I was excited when a last-minute opening in our Delivering Christmas calendar allowed me the opportunity to head to Stanford Gibson Primary School on Wednesday to assist with the Holiday Clothing Drive. I’d written about the program, which is a joint cooperation between The Place and the Norwich City School District, before. But this was my first time pitching in.
The goal of the Holiday Clothing Drive is to provide a new outfit (pants and shirt) to children in need during the Holiday season. It was initially started by the school system on a small scale in the 1980s. As need in the community has grown, the program has grown. The Place first became involved by providing volunteers. Last year, the non-profit’s role expanded and it now handles administration of the program.
Requests for clothing are funneled through the school district’s social workers, Kelly Collins-Colosi and Sarah Hordge. As of Wednesday, some 203 families had signed up, which translated to more than 500 kids in need.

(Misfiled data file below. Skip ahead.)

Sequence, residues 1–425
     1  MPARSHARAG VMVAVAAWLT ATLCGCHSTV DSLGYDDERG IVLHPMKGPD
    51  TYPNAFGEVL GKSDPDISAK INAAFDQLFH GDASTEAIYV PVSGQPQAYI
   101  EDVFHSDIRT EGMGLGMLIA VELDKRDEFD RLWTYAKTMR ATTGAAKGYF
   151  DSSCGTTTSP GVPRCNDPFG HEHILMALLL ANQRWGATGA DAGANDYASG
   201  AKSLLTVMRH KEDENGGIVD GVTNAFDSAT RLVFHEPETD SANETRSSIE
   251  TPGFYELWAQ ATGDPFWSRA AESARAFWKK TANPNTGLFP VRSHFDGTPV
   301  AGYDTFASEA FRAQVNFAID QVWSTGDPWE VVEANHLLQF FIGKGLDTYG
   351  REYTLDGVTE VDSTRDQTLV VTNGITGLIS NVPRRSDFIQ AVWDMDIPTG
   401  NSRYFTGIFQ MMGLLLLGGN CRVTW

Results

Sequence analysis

How do they fill all those requests? Well, that’s where the community comes in. Giving trees decorated with ornaments indicating specific clothing items were placed at Wal Mart and each of Norwich’s school buildings. Helpful shoppers take that as their cue, grabbing tags off the trees and purchasing the appropriate articles of clothing. Others choose to donate cash instead, which volunteers then use to purchase the other items they need.
According to Kelly, the program relies heavily on these donations. This year, approximately $3,000 was raised between the myriad of private and corporate donations, including generous gifts from the Robert Smith Foundation and Wal Mart. But they were still short of what they needed to fill all of their requests, until the Emmanuel Episcopal Church came through for them in the eleventh hour with a $2,000 check.
As it so happens, Jim Everard was delivering the check when I arrived on Wednesday. It made me feel kind of giddy actually, because I could see how thrilled Kelly and the others were to see the gap closed. There were probably visions of pint-sized and junior clothing dancing in their heads.
It didn’t take long for Kelly and Sarah to put me to work alongside the other volunteers, which included several Unison employees and representatives from The Place...